That’s Just Life
By Marcia Lee Laycock
As I waited in the line-up at the post office the other day I overheard a conversation that is quite common for this area of the world. One person asked after the other and the response was, “Fine, but too busy.” The other responded, “That’s just life here now, isn’t it?”
The comment arises from living in a province/county/town that is at the height of economic boom. We here in Alberta Canada have seen unprecedented growth in business, housing and population. As I zoomed into the traffic on our main highway the other day I had a moment of nostalgia for the days when it was not so. This fast pace takes its toll. I find I’m often rushing, often trying to think in several directions at once and often afraid that one base or another hasn’t been covered. And I realize it has indeed become, “just life” for me and those around me.
And then I realized that expression is really an oxymoron – something that does not, or should not, make sense. Life is not “just” anything – it’s all we have, a gift from God that should be cherished every moment, not lived at a pace that prevents us from truly experiencing it. When we live at that pace we risk missing life entirely – missing our family, our friends, the needs of those around us. And most important of all, we risk missing God and what He intends to bring into our lives each day.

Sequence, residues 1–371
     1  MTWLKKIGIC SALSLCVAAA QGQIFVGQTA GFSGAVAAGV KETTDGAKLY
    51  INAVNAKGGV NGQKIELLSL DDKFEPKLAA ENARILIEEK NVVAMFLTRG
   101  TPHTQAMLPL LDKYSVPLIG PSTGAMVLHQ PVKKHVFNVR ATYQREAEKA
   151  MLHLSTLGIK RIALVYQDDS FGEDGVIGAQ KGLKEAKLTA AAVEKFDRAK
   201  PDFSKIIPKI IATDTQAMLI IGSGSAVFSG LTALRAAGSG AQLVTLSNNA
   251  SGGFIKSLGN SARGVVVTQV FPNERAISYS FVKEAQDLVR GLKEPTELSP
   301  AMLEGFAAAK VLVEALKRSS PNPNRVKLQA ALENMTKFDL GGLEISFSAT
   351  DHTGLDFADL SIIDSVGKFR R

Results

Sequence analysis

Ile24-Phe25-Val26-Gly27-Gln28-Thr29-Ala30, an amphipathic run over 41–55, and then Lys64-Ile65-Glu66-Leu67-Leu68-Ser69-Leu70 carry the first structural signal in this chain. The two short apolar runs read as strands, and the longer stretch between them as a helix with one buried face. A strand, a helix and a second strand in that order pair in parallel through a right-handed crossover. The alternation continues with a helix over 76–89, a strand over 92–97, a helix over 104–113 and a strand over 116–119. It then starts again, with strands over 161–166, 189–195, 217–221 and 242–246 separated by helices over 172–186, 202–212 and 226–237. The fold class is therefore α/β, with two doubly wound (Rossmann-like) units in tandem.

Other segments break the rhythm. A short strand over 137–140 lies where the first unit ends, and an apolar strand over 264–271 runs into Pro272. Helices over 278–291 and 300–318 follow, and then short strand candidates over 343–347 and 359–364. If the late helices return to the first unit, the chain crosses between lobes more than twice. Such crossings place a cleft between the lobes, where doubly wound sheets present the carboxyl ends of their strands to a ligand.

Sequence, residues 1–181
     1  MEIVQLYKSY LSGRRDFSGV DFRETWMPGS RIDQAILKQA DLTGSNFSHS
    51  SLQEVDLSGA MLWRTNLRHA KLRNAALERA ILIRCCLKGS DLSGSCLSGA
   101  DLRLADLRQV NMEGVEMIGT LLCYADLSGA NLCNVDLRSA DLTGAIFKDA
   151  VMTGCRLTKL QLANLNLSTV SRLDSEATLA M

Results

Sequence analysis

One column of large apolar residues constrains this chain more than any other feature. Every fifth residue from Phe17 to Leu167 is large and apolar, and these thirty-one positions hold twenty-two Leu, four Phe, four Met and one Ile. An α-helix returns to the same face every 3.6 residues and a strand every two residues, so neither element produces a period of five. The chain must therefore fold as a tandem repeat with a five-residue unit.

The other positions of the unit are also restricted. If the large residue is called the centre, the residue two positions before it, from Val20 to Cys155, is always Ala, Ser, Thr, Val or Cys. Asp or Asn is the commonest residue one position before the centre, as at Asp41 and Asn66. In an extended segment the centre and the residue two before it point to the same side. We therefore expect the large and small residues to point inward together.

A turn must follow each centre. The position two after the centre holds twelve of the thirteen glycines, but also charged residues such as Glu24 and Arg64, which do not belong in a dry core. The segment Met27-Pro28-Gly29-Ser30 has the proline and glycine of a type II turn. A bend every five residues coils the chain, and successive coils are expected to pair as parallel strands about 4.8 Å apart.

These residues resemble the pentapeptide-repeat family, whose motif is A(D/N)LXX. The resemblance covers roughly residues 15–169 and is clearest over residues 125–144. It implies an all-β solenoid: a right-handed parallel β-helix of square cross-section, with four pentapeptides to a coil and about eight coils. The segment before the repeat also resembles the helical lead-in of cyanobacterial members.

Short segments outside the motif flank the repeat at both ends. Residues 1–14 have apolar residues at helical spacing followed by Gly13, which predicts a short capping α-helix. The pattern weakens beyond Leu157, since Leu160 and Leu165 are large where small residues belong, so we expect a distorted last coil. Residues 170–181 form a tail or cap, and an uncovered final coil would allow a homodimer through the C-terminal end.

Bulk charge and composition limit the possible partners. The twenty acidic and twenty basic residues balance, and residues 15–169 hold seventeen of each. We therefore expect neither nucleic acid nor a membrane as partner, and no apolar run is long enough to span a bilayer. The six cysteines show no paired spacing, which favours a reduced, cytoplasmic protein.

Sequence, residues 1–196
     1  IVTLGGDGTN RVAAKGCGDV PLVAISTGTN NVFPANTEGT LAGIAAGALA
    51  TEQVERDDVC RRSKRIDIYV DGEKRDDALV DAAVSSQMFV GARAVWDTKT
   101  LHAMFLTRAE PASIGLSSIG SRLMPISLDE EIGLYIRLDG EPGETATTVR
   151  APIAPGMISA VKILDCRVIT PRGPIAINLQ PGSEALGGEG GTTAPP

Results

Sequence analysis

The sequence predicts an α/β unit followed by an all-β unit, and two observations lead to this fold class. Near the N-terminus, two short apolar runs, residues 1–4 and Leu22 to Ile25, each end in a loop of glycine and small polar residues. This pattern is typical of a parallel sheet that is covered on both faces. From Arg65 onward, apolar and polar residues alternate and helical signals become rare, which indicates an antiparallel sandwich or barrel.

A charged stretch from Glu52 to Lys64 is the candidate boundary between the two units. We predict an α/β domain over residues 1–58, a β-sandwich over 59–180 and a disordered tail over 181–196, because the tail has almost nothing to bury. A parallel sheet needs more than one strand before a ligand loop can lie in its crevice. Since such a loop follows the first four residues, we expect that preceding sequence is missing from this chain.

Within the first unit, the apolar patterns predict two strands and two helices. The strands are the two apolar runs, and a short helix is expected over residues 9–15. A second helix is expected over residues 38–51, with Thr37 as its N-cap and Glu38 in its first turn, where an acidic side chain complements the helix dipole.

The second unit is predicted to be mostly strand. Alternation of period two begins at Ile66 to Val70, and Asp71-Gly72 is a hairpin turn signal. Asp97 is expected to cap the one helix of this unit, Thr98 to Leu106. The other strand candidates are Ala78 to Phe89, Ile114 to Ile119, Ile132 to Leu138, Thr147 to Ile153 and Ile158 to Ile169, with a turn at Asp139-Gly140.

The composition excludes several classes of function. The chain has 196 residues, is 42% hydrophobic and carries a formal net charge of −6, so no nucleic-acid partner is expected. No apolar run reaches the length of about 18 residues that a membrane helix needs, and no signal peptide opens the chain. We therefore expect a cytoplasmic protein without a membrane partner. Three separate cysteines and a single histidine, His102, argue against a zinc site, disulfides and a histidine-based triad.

At a retreat I attended recently the speaker commented that Jesus always lived in the moment. He lived life to its fullest every day, yet never rushed, never worried about what wasn’t being done, never fretting over tomorrow or tried to get ahead of himself. How did He do it? Jerusalem wasn’t so different from our here and now. It was a busy place of commerce, the crossroads for streams of journeying people. No doubt Jesus could have been, indeed was, a busy man. So what was different for Him?
The key, I believe lies in the words Jesus spoke to the Pharisees in the book of John, Chapter 5. “By myself I can do nothing; I judge only as I hear and my judgment is just, for I seek not to please myself but him who sent me.” (v.30).
Jesus knew where His strength came from, where to go for peace, and who to listen to. He was so in love with His Father he wanted only to please Him. Jesus had a lot to do in a very short time, yet he did not rush – He knew His Father was in control of the timing. He worked with people who were slow to understand and constantly messed up - yet he did not get frustrated. He knew His Father loved them deeply and had sent Him to die for them. Jesus was ridiculed and scorned and ultimately handed over to those who hated Him – yet he never retaliated. He knew His Father was in control of the beginning and the end of His life.
In short, Jesus knew the Father. It made all the difference in His life and it makes all the difference in ours. It’s the difference between “just life” and “life to the full” (John 10:10).